Virginia tax revenues are showing the effects of cuts made last year and softening of the state's economy, but Gov. Glenn Youngkin said they remain ahead of projections and support additional tax cuts.
Youngkin said Friday that the state has collected $111.3 million more in the first eight months of this fiscal year than projected in his proposed budget, which includes an additional $1 billion in cuts to state income tax revenues.
"Virginians remain overtaxed, and the commonwealth has abundant resources available to lower costs and cut taxes for families and local businesses," the governor said. "At the same time, we can make critical investments to transform our behavioral health system, invest in education and law enforcement, and strengthen communities across Virginia."
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"With the continuing uncertainties affecting the global economy and recent turbulence at U.S. banks, Virginia remains in a position of strength to deliver services and reduce taxes for Virginians," he said in announcing revenues collected in February.
Budget in limbo
Youngkin's budget proposal remains in limbo because of a stalemate between the House of Delegates and Senate over the governor's proposed tax cuts, which would come on top of $4 billion in reduced income and sales taxes in the two-year spending plan enacted last year.
Those tax cuts are showing up in state revenues, which makes it hard to compare current tax collections with the same periods last year.
For example, total revenues fell by $112 million, or 7.3%, in February, compared with the same month a year ago, before adjusting for tax policy changes, and just $12.5 million, or 0.8%, after adjustments. Revenues rose by 1.2% for the fiscal year to date before adjustments. Revenues rose 4.4% after them because of reductions related to sales tax collections and, especially, income taxes, which were reduced by one-time rebates, an 80% increase in the standard deduction for taxpayers, a higher earned income tax credit for low-income working families, and a phased exemption for military retirement income.
Youngkin's proposed revisions to the budget would raise the standard deduction to double what it was a year ago, eliminate the age cap for the military retirement income exemption, and reduce the tax rate for corporations and individuals in the highest income bracket, which includes 84% of Virginia taxpayers.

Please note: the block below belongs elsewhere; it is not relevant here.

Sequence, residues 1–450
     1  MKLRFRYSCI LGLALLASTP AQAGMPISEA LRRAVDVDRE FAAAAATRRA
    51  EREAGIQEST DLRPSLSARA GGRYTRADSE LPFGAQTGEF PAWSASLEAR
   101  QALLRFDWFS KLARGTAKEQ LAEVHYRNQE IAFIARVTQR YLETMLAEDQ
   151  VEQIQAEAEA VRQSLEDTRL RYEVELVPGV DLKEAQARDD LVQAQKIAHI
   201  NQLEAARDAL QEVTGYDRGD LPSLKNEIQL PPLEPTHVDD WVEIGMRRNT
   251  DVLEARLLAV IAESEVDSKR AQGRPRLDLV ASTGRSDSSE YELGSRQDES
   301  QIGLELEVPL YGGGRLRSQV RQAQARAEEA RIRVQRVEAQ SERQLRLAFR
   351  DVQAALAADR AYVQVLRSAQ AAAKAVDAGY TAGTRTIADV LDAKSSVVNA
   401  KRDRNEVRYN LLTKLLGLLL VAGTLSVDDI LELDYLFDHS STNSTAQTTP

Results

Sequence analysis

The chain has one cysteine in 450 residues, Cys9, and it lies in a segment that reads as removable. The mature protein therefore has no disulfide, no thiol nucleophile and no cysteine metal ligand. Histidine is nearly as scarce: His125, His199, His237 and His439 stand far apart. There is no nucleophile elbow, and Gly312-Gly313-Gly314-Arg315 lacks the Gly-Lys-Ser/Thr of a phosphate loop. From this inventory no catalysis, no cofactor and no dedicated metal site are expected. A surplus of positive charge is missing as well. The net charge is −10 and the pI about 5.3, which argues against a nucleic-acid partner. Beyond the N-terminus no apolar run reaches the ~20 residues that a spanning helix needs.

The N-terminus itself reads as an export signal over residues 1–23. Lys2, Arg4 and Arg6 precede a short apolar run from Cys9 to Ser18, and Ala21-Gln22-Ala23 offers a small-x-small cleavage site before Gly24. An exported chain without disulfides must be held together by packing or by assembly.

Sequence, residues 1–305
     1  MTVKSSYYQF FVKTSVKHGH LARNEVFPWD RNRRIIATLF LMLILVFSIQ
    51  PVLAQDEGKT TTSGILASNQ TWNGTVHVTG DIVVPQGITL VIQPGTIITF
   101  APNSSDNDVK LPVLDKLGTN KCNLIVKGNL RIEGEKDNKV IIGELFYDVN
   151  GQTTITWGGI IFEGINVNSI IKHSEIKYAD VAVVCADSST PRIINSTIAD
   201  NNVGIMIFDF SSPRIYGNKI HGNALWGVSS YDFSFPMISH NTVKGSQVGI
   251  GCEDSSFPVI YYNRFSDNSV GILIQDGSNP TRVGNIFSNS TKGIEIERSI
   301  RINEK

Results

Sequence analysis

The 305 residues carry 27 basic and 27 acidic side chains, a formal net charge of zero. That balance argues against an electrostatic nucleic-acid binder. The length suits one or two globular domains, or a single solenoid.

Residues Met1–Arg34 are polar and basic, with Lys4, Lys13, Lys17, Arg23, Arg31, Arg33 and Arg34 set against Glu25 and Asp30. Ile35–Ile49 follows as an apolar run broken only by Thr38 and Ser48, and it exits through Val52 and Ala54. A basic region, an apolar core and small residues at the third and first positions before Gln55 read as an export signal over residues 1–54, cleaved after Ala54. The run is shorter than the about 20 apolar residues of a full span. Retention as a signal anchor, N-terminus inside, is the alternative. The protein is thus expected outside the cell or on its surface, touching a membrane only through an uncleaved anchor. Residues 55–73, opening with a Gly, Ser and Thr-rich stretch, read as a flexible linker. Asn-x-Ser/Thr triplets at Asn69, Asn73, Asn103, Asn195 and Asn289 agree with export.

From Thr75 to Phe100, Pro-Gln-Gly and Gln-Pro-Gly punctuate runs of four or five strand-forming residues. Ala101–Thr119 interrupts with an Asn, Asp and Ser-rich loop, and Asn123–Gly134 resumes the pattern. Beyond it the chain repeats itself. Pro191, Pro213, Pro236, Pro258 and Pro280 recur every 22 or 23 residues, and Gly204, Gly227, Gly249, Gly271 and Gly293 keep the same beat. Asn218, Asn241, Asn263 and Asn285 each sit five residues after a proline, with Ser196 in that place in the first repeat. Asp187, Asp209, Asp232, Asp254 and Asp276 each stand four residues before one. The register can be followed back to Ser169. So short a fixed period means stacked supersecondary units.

Budget negotiations broke down on Feb. 24 when Senate Democrats balked at a compromise House Republicans proposed that would not include the governor's proposal to lower the corporate income tax rate from 6% to 5%. However, it would have included a new round of one-time tax rebates and eliminated the military retirement age cap. The proposal also would have kept the governor's proposal to lower the top individual rate from 5.75% to 5.5%, while adjusting income levels in the lower brackets, but the proposed cut is not popular with Senate Democrats who say it makes the tax code more regressive and less fair based on ability to pay.
The Richmond Times-Dispatch reported Wednesday that budget negotiations are scheduled to resume on Tuesday, with tax policy as the first and highest priority to resolve.
Secretary of Finance Steve Cummings said the governor's budget assumed that a recession would begin this year and last for three fiscal quarters, so revenue collections have been better than expected.
"February revenue collections came in ahead of plan," Cummings said Friday.
A later downturn?
He said the administration still expects an economic downturn, although later than expected, but remains confident in the forecast in the proposed budget.
In a letter to Youngkin on the February results, Cummings, a former banker, acknowledged the unexpected collapse of two regional banks - Silicon Valley Bank in California and Signature Bank in New York - over the last weekend. He said the failures "had exposed unexpected and problematic side-effects from the rapid rise in short-term interest rates."
"While the uncertainty facing the banking system over the past weekend was concerning and we were tracking it closely, it appears that such systemic concerns have been addressed by actions taken by the Federal Reserve and [Federal Deposit Insurance Corp.]," he told the governor.
The revenue results showed weakness in corporate income taxes and fees on court filings such as deeds, but higher interest income on state investments offset those declines, Cummings said.
Michael Martz (804) 649-6964
@mmartzrtd on Twitter